• Future projects: assuming that Marry ultimately gets her app developed, what are the chances of her getting John to develop another app for her in the future? I will leave you to ponder and decide that for yourself.

Now that we have a backdrop for this very common scenario, let’s a do a post-mortem of what actually went wrong and why it went wrong. In terms of placing blame I believe that neither John nor Marry are solely to blame, but are in fact both equally to blame.

  • What Marry the entrepreneur did wrong: although Marry may know a thing or two about business, she has limited knowledge and experience on what it actually takes to develop software. Ignorance unfortunately is at the heart of this these sad stories. Here’s what Marry didn’t realise until it was too late.
    • Paying for time and expertise vs paying for a finished product: when getting custom software developed you’re not actually paying for the finished product, but rather the time and expertise of the people that will be developing the product i.e. you’re buying development hours. This is comparable to purchasing a finished car out of a shop vs getting a custom car designed, engineered and manufactured to start your own car brand. You won’t need millions but billions to create your own car brand. The same applies to starting a business with software at the core of its operations.
    • Pricing of a product: even when purchasing a finished product, the price of it is not dictated by the value of the product but rather by the demand versus supply for the product. In the grand scheme of things and from a financial perspective, if you invest $100K into the development of an app, its value in terms of the number of features doesn’t really matter that much. What matters is the return on your investment i.e. how much money the app will help you make and/or save in the long run. This determined based on supply and demand of the app.
    • Finite mindset: Marry believed that software development is a finite process i.e. that it has a beginning and an end. She thought that she could pay a fixed amount of money for a fixed amount of development work to get the app that she wanted. Unfortunately that is not the case. For starters, the main reason being that requirements constantly change just like the world is constantly changing. There will always be new features and improvements that will be required. Older software frameworks and programming languages that are consistently being discontinued need to be replaced by new ones. Security mechanisms need to be constantly upgraded.  Not to mention the hardware capacity that needs to be increased in order to scale that application. Let’s look at Facebook as an example: according to them they have 1 engineer per 1 million users. That equates to thousands of engineers working for Facebook all working night and day just to keep a website and mobile app running 24/7. To quote Mark Zuckerberg’s character from the movie The Social Network, “software is like fashion, it’s never finished”.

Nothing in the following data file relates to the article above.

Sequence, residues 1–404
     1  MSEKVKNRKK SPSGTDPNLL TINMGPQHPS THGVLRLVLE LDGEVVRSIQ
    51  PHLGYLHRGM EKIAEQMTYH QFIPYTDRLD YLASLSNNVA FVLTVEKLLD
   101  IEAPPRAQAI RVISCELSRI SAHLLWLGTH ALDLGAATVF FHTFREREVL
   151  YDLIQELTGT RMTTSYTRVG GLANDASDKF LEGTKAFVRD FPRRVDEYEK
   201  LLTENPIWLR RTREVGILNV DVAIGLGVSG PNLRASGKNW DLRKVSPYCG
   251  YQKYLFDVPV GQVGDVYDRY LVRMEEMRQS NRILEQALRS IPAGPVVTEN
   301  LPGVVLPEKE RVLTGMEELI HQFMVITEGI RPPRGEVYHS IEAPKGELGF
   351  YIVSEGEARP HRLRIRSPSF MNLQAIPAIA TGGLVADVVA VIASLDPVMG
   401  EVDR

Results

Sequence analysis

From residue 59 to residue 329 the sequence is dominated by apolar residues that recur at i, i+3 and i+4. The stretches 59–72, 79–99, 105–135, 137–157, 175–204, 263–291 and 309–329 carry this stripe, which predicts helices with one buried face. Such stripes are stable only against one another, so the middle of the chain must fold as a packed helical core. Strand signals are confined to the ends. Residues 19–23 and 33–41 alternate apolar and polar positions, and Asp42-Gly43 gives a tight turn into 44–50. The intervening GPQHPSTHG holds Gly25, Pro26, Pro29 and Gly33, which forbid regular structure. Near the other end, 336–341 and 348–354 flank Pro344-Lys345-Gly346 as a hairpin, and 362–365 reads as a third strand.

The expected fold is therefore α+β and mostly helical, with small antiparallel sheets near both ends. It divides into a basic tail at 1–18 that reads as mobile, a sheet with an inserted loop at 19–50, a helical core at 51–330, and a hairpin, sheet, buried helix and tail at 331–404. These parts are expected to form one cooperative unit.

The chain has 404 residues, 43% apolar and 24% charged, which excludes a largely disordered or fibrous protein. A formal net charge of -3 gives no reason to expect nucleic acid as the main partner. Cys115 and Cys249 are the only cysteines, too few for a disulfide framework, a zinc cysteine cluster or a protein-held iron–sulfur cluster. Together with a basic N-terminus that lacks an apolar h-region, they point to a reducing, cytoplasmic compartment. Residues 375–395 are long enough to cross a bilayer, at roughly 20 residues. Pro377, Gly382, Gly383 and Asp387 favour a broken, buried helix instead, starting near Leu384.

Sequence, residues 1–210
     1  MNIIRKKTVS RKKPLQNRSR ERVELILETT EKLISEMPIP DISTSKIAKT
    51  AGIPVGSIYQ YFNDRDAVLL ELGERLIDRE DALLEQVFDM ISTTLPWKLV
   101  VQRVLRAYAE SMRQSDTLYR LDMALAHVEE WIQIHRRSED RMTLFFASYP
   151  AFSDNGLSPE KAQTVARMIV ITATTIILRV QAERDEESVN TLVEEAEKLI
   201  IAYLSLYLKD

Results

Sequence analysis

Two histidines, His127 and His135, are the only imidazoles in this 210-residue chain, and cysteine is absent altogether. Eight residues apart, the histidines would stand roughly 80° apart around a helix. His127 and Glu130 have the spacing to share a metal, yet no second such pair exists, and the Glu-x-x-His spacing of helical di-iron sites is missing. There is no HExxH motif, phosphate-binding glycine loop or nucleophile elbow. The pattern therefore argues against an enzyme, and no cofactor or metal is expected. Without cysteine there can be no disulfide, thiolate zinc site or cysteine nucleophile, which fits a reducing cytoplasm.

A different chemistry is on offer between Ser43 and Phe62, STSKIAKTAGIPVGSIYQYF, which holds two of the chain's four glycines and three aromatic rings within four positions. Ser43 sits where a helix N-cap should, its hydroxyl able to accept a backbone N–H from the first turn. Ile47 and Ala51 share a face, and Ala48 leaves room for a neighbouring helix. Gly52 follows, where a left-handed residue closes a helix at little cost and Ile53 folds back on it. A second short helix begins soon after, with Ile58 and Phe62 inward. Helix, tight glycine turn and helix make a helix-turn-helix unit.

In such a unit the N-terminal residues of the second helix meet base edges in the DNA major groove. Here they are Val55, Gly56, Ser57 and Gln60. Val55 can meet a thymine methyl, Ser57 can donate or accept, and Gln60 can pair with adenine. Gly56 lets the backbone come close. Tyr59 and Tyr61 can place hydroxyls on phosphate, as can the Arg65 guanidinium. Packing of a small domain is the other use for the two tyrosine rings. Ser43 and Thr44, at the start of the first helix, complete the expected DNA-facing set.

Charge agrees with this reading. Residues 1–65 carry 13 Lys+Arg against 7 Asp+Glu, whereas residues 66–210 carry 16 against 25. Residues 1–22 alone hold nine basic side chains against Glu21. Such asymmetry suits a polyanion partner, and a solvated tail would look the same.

• Greed and short-sightedness: had Marry realised that the work required on a software product is never finished, she would have realised that there are only two options for getting her app developed:
      • Deep pockets: Hiring a contractor might have worked in the short term to get MVP (Minimum Viable Product) created. Long term however, the engineers really need to be working for your company in order to have full control of the product on which your entire company would rely on. Either way, Marry would need to have large amounts of money to fund the ongoing development. She either didn’t have the money or was too stingy to spend it.
      • Equity: even if Marry didn’t have the money to fund the development she should still have realised that software development is an ongoing process requiring an endless supply of money and work to keep it going. In which case, she should have offered John equity in the business thereby incentivising him to work for free/less money with the possibility of profiting from the business in the long term,
  • What John the software developer did wrong: John isn’t without fault either. He might be a talented software developer, but he had minimal experience in project management, requirements analysis and customer management in general. He pretty much broke most of the rules in professionalism in the software industry. All of these topics are discussed in upcoming chapters: